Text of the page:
EXCEPT…if you don’t code your costs. Oh yes, I see you–with you and salespeople working from credit cards, it can be a pain to account for the real costs of sales and marketing. Start with the more “fixed” costs of your marketing infrastructure and marketing stack. You’ll have half a dozen pieces of software, maybe a trade show booth, Adwords, marketing consultants, web site costs, etc. Code them all to marketing. Then, insist on anyone with a credit card coding their receipts before they get sucked into your accounting system. I hate doing this as much as anyone, but one evening a week, while you’re on Hulu or something, pull up the credit card’s mobile app and code every expense. Yep, just do it. Then you or your accountant can use the codes to set up and email you a monthly CAC report, showing your YTD trend against last year’s. Gonna be so good!

4. Long term customer value (LTCV). 

This one is just how long a customer stays with you and how much they buy over theirlifetimee. It’s pretty straightforward to project quarterly. You would think you do this by actually tracking your revenue by account. Nope, like a lot of VC math, it’s not quite business-accurate but it is perfect on trend. This is a crucial thing to accept about VC math when you’re a founder.  For you, LTCV is derrivedin your head, actually thinking about the customers you know–and probably, the ones you know who are in the pipeline and sure to close. 

No one can tell you that you are wrong about that, but it’s not a number others can work from. As you scale, it’s important to be able to share easily derived numbers So here’s how VC math works on this one. You’re going to hate it as a business guidance metric, but just think it through because its value is not in accuracy “today” but in showing accuracy in trend. Trend is key.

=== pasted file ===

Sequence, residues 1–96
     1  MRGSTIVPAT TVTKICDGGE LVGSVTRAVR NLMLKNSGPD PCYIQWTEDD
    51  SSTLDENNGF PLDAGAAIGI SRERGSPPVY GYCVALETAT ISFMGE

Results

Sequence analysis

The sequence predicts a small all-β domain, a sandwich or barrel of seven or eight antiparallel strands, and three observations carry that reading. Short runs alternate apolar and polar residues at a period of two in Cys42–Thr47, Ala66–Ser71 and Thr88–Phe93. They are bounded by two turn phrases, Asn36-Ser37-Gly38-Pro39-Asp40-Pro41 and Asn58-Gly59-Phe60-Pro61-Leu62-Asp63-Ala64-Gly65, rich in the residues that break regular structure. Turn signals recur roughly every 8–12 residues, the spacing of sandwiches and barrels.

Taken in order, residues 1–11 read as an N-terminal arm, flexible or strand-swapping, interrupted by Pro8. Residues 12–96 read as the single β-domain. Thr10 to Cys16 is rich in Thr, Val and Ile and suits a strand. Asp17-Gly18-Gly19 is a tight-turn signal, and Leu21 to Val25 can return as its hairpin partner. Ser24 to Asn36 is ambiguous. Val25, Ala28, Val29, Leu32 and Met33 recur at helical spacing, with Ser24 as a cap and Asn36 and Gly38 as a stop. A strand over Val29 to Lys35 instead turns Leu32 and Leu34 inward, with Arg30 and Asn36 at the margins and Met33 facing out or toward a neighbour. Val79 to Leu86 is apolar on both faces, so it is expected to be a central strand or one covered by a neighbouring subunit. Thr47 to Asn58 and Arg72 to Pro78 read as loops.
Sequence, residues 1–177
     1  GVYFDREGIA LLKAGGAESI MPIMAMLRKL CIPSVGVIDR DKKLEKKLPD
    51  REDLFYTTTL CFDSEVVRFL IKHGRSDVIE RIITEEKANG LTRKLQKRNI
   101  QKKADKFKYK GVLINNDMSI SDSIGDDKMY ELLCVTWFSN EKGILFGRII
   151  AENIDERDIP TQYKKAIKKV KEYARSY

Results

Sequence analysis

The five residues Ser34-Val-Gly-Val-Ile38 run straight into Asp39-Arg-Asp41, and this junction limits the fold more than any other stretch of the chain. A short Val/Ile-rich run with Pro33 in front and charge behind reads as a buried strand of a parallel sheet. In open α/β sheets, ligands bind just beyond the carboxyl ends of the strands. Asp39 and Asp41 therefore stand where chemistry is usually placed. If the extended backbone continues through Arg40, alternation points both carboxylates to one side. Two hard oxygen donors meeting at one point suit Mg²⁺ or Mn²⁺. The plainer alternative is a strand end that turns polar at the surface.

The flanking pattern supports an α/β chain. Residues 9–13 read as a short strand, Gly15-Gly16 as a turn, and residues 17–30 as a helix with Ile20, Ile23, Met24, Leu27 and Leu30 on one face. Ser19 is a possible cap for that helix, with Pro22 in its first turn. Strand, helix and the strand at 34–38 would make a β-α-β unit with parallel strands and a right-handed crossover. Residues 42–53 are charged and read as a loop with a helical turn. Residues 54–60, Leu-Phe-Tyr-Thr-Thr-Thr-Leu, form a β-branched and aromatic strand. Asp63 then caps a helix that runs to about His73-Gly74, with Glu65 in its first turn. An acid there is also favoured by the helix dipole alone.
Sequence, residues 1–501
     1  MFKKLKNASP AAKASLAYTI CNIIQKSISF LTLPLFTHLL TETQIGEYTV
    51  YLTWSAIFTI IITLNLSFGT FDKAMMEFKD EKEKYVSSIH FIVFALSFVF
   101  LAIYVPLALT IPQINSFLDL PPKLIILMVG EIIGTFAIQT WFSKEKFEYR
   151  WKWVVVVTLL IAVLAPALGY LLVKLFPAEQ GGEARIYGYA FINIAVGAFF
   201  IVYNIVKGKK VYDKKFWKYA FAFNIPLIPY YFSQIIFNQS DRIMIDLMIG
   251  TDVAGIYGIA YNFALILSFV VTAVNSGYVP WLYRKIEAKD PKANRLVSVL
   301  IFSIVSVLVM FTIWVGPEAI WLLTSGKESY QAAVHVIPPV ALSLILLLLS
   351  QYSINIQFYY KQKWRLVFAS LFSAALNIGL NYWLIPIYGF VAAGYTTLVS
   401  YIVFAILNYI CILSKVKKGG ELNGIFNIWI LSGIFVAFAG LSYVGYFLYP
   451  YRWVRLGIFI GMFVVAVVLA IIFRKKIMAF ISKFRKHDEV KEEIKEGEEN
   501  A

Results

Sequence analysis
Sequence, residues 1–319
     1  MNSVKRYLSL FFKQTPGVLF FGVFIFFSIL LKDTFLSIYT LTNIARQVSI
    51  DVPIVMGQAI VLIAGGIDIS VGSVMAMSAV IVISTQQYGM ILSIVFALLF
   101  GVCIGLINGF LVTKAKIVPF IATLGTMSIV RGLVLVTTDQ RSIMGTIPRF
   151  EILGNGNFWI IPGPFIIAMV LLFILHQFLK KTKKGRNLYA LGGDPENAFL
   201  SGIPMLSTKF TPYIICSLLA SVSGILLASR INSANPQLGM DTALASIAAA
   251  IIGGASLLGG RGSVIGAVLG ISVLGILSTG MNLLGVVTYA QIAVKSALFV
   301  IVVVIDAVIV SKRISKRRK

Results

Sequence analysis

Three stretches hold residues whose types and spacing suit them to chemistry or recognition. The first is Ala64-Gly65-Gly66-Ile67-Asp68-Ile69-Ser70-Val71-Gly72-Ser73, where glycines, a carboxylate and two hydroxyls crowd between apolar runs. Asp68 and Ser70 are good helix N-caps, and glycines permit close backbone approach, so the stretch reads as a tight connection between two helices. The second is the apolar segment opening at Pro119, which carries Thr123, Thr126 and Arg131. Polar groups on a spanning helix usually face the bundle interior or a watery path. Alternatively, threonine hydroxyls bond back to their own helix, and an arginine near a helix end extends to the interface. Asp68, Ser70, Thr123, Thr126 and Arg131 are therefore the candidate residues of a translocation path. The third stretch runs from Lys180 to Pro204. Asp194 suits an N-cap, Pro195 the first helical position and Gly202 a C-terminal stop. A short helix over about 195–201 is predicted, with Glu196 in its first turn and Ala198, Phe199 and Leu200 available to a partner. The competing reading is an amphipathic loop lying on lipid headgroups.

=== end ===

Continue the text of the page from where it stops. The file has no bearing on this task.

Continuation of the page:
1. Take your total revenue from customers (by product if you have more than one) over a time period, like a year or a quarter. 
  2. Divide by the total number of purchases. If you have 12 customers, and they are on annual contracts, you would divide by 12. If you have 12 customers, and they have monthly contracts, you divide by 144. Like that.
  3. Get the purchase frequency by dividing the number of purchases by the number of customers. So if you have multiple contracts with one customer, you’ll need to make sure you track sub-accounts. This can be annoying the first time–but it’s all about building a system that can scale forward, and so  . . . just do it.
  4. Turn the purchase frequency into a purchase frequency rate. You divide the number of unique customer purchases (ie, enteprise customer and all sub accounts) by the number of customers in that time period.
  5. Multiply the average purchase value by the average purchase frequency rate. This is CUSTOMER VALUE.
  6. Now, you can get the lifetime value by multiplying customer value by the number of years a customer continues to purchase. Early on, yep, you make it up. Later on, the truth will clarify.

You can do tons of things with this number, but that’s another blog post. Again, when you first calculate it, it may not be useful to run your business today. But it should be critical in running your business in two years–so you:

  • build the system first,
  • show the system is there, and
  • that’s how you get the money to scale.

It’s the ultimate application of “show don’t tell.”

  1. Burn. 

Burn is another term that’s often annoying to founders. As an operator, you know two things:

  1. It changes
  2. It’s in your control. You can cut burn as fast as you can cut your salary or accept that next offer from an accelerator for $50K or $100K.

Since you feel in control, it seems sort of pointless to talk about it in too much detail. You’ve got it.